Thus begins an unlikely correspondence between two rival agents hellbent on securing the best possible future for their warring factions. Now, what began as a taunt, a battlefield boast, grows into something more. Something epic. Something romantic. Something that could change the past and the future.

Except the discovery of their bond would mean death for each of them. There’s still a war going on, after all. And someone has to win that war. That’s how war works. Right?

Red and Blue are two operatives on opposing sides of the Time War. Each determined that their side should be victorious, each travelling up and down the braids of time to make a subtle change here, or a little tweak there to encourage the desired outcome. Blue works for Garden, at one end of the time stream. Red is an agent of The Commandant, at the other. Each working for their own side, trying to foil the other.

So far, so sci-fi. But this is so much more. It is, at heart, a series of letters between the two agents. Letters written in the seeds of a plant, nurtured over hundreds of years. In the flow of a lava field, in the feathers of a goose, in knots tied in a sample of cloth, the missives grow increasingly abstract and lyrical.

Letters which start as taunts, which turn into mutual admiration, and ultimately into love letters the like of which have rarely been seen. The word poetic fails to do justice to the missives of these star- and time-crossed lovers.

Victoria Schwab (another of my favourite authors) summed up this book perfectly.

Holy shit this was good.

V.E. Schwab

It’s more than good. It’s astonishing. You should read it.

This Is How You Lose the Time War, by Amal El-Mohtar and Max Gladstone is published by Jo Fletcher Books and is out now.

Huge thanks to @runalongwomble and @bluebookballoon for bringing this book to my attention

17 Church Row – James Carol

Three years ago, Nikki and Ethan Rhodes suffered a devastating loss when their four-year-old daughter Grace was tragically killed in a road accident. Ethan, a radio personality, escapes into work, leaving Nikki to care for their remaining child, Bella, who hasn’t spoken since that day.

Seeking a fresh start, the family moves into a revolutionary new house designed by renowned architect, Catriona Fisher. The house features a state-of-the-art security system, along with every amenity you could dream of.

For the Rhodes’ this is a chance to finally pick up the pieces and get on with their lives in a place where they feel totally safe.

But what if 17 Church Row isn’t the safe haven that they think it is?

I really enjoyed this – it’s a smart, sharp techno-thriller with an interesting cast of characters and an intriguing setting. We’re all becoming used to having smart assistants around these days – from ‘hey Siri’ to ‘OK Google’ or Alexa, help is but a request away. Phones by our side, smart devices in our homes, voice control over lights, heating, every part of modern-day living is gradually being handed over to our technological helpers.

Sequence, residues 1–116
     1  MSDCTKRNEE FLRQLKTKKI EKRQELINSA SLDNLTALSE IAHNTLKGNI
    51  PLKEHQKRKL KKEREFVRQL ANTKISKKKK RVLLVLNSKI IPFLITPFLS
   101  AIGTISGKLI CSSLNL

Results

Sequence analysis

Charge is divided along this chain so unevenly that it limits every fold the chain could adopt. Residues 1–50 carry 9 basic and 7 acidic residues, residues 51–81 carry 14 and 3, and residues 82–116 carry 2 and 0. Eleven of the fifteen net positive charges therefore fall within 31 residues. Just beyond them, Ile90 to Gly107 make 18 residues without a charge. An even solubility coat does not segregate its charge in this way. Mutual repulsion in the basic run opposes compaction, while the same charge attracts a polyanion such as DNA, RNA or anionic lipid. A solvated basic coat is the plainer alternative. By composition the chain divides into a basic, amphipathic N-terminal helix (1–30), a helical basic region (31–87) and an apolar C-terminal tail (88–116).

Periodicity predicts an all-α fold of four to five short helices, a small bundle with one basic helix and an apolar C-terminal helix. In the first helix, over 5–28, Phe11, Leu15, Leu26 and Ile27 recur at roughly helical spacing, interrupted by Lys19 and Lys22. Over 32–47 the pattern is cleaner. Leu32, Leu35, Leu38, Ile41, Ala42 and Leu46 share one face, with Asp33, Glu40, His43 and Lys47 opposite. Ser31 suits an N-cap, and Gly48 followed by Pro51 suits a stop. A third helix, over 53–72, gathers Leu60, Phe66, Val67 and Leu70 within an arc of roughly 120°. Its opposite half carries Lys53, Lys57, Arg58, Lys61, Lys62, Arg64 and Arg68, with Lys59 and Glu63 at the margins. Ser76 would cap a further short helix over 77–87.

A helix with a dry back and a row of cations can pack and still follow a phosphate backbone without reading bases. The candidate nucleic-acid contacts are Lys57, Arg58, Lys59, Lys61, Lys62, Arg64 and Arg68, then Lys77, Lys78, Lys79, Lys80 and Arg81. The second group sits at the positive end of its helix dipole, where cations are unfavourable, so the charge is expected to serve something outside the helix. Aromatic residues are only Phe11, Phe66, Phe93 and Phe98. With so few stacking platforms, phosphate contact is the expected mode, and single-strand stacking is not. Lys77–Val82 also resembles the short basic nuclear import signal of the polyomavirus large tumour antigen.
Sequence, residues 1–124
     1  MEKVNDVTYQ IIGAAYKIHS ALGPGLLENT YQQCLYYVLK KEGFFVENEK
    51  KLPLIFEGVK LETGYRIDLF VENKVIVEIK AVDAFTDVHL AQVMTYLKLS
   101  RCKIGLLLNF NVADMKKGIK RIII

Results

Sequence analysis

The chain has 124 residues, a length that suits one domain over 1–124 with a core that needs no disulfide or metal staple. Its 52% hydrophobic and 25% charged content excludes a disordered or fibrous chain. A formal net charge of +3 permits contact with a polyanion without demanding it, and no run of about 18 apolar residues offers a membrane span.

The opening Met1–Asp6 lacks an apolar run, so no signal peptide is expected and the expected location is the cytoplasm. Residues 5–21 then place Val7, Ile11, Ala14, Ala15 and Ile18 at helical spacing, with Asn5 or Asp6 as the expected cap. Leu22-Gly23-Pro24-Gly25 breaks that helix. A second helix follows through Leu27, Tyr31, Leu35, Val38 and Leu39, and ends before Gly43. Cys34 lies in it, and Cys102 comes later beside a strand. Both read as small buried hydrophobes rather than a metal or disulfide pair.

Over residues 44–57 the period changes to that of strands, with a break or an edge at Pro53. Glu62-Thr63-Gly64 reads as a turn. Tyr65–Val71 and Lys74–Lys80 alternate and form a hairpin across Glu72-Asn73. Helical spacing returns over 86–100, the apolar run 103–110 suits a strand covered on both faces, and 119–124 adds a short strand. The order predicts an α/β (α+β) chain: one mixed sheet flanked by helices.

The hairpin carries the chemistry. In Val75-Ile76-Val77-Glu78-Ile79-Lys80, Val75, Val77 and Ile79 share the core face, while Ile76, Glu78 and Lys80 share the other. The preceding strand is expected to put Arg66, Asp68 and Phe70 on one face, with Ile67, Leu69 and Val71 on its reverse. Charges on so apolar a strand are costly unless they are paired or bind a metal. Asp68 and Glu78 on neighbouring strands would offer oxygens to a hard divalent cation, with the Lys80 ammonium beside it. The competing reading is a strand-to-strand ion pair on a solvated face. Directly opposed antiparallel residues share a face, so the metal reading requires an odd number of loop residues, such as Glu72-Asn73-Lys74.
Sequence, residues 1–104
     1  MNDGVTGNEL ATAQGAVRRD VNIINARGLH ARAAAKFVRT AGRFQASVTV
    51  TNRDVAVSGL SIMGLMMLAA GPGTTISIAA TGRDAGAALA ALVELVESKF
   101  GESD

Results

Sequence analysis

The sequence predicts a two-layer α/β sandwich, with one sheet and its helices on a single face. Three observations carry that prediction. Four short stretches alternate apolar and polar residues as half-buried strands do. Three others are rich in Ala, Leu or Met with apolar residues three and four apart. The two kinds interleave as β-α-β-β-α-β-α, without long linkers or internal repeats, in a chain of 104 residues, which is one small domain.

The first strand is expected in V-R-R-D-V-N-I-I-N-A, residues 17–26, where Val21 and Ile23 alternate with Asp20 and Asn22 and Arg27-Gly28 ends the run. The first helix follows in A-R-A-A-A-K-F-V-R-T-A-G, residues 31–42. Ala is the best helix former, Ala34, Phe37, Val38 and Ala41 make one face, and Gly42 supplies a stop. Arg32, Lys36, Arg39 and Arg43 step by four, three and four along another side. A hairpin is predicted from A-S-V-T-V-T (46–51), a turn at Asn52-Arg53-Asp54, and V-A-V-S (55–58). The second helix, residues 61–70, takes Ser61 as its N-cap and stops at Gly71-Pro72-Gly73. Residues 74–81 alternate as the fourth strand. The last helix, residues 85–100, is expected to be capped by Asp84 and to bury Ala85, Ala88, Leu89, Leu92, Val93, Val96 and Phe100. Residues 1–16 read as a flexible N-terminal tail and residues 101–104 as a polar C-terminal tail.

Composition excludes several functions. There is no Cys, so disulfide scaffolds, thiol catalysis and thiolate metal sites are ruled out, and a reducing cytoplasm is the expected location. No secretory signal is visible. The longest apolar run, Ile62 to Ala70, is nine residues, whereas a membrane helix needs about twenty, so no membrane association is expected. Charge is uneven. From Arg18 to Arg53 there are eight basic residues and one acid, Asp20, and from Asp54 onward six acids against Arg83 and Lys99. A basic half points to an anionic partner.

The tech in 17 Church Row is a bit more futuristic, to almost Star Trek levels.

The Rhodes’ new home has this tech built-in. Alice is set up to deal with your every whim, almost before you realise what it is you need. Fancy a coffee? It’s already made. Pizza for tea? No problem, it’s been ordered from your favourite restaurant.

A traumatised young girl who’s lost her sister and can no longer talk? A family grieving for their daughter?

What can Alice do for them?

Hard to say much more without spoiling the fun, but it’s an engaging tale, which picks up momentum in the second half before rattling to a satisfying ending. A proper page-turner, lose yourself in the action. Great fun.

Thanks to Tracy Fenton at Compulsive Readers for inviting me to take part in the blog tour.

Ghoster – Jason Arnopp

Kate Collins has been ghosted.

She was supposed to be moving in with her new boyfriend Scott, but all she finds after relocating to Brighton is an empty flat. Scott has vanished. His possessions have all disappeared.

Except for his mobile phone.

Kate knows she shouldn’t hack into Scott’s phone. She shouldn’t look at his Tinder, his texts, his social media. But she can’t quite help herself.

That’s when the trouble starts. Strange, whispering phone calls from numbers she doesn’t recognise. Scratch marks on the door that she can’t explain.

And the growing feeling that she’s being watched

Ah, the humble smartphone. Where would we be without them? That constant ping of notifications – texts, emails, Twitter, Facebook. The socials. All to easy to get sucked in.

After reading this book, you may very well look at your little slab of glass in an entirely different way…

I went into Ghoster fresh, didn’t read the blurb, didn’t know what to expect. I’d heard great things about Jason Arnopp’s previous book, The Last Days of Jack Sparks from friends and fellow bookbloggers, so jumped in with both feet.

What starts off as a regular ‘what happened to Scott?’ thriller takes a very sharp turn in an entirely unexpected direction. Spoiler-free version: It’s dark, it’s very creepy, and entirely brilliant.

The story bounces between the then – Kate and Scott hooking up and their blossoming relationship – and the now, the ‘what on earth has happened to him?’. Arnopp has entirely too much fun playing with us – setting up little tidbits of information, scraps of their lives, another cliffhanger to entice you to keep turning those pages.

And turn those pages you will.

Ghoster is a cautionary tale at heart. We put so much of ourselves online, but never know quite who might be watching.

Highly recommended, though you might end up spending a little less time with your phone as a result.